Known as Mother Nature’s sting, chilli peppers are electrifyingly hot. And devious.
Eating them will rev up your metabolism, heart rate, body temperature and mood for Barry White. Legend tells us that the great Aztec emperor Montezuma necked a chilli chocolate drink in preparation for visits to his lady friends. There could be something in that.
Chillies are also great for the blues. The compound capsaicin helps hotwire our feel-good endorphins, easing stress and massaging nerves. Think of it as sunshine for the veins. Capsaicin also distracts the chemical responsible for transmitting pain messages to the brain. Have some at hand when opening your next visa bill. Or treat yourself to this mojo.
If you don’t like setting your mouth alight, here are a few tips on keeping the sweating and swearing at bay. Never drink water, beer or wine to calm the fire in your mouth. This will only enhance the storm. Take olive oil, egg yolk or something fatty to absorb its blaze. Greek yoghurt is often used to help dilute a chilli’s enthusiasm. And finally, be sure to wear industrial mascara to weather the floods of tears.
As soon as I met Rojo, I knew it was love. My chest swelled, my lips burned, and I began levitating at the table. He is from Moro restaurant, and works for Sam and Sam Clarke. Such is his popularity, he’s rarely available. This is despite having a permanent fixture on Moro’s menu.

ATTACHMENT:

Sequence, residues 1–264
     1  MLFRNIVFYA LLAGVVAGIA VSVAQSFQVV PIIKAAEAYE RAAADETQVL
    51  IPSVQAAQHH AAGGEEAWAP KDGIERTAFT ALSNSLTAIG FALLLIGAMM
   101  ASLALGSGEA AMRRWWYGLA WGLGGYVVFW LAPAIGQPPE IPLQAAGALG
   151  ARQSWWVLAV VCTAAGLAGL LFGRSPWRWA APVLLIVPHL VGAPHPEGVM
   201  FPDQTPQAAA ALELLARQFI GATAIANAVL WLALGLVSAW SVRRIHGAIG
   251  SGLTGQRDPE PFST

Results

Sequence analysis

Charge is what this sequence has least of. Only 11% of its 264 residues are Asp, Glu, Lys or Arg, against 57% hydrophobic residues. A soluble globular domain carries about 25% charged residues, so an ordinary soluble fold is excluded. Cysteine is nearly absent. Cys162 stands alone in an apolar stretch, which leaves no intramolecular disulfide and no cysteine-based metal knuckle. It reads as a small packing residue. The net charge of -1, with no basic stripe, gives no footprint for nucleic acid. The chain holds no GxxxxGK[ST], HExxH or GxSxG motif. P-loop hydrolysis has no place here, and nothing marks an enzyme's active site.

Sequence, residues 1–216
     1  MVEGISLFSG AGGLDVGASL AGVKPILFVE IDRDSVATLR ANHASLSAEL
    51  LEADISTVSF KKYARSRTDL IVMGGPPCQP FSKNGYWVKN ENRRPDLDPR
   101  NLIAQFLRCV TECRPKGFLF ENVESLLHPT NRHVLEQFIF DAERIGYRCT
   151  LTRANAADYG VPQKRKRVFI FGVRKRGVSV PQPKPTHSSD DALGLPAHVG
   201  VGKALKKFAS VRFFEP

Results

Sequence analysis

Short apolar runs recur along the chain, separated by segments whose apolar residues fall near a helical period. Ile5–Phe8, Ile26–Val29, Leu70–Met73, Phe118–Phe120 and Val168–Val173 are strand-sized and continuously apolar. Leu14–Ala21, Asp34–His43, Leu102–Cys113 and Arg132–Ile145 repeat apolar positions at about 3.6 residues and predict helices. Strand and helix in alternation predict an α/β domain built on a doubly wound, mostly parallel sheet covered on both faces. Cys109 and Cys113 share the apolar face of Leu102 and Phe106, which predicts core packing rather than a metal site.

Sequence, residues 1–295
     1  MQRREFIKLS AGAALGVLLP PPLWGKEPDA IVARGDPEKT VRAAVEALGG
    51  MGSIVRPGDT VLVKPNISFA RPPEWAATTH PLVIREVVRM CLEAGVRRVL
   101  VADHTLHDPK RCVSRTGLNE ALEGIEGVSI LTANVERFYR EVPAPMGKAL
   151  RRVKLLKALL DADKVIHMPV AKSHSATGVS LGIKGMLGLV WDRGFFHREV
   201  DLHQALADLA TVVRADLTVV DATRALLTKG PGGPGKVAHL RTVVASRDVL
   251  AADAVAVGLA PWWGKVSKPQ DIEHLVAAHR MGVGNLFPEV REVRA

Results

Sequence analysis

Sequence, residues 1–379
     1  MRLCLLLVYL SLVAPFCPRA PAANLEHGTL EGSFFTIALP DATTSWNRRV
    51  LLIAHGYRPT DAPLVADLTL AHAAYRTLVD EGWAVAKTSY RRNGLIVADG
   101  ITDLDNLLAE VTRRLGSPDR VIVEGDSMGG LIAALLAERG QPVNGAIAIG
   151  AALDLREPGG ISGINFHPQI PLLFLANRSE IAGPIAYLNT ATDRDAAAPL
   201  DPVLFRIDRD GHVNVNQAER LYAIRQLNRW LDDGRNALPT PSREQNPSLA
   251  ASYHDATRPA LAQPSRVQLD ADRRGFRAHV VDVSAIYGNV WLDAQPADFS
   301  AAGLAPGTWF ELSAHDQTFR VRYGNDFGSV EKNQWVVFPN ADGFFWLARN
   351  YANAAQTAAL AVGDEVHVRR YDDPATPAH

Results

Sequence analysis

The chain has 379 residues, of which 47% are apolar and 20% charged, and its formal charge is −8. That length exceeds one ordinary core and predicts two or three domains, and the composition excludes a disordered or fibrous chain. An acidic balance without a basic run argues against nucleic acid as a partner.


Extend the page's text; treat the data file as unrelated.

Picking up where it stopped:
So here it is. An adaptation of Moro’s legendary Mojo Rojo, designed to do funny things to our thighs.
2 large red peppers, 3 medium
1 red chilli
3 slices rye or gluten-free bread, crustless
½ cup extra virgin olive oil
5 fresh bay leaves, stalks removed
3 garlic cloves, peeled and crushed
2 tablespoon lemon juice or red wine vinegar
4 teaspoons ground cumin
2 teaspoons smoked paprika
1 teaspoon raw honey, coconut nectar or maple syrup
Deseed the peppers, and roughly chop into chunks. Roast on a baking tray with a little olive oil for 30-40 minutes at 180 degrees.
Roughly chop the bread into cubes like croutons. Lightly fry in a little olive oil for 60 seconds.
Then deseed your chilli and finely chop its flesh. Add everything to a high-speed food processor. Briefly pulse into a smooth dip, and serve in a pottery dish. You could thin it down with a few tablespoons of water or lemon juice and a pinch of sea salt. Or use Greek yoghurt if the chilli is too loud.
We love ours besdie a lazy 10-hour shoulder of lamb, or with soba noodles mixed through some courgetti. Fix a small courgette to a spiruliser, and kabam! Spaghetti from courgette. Fat carrots work really well too. If you don’t fancy forking 30 quid out for another kitchen gadget, you could use a potato peeler to scrape ribbons from the vegetables instead.
After this piece was published, spirulisers were sold out on Amazon and kitchen stores across Dublin! Thank you Irish Times!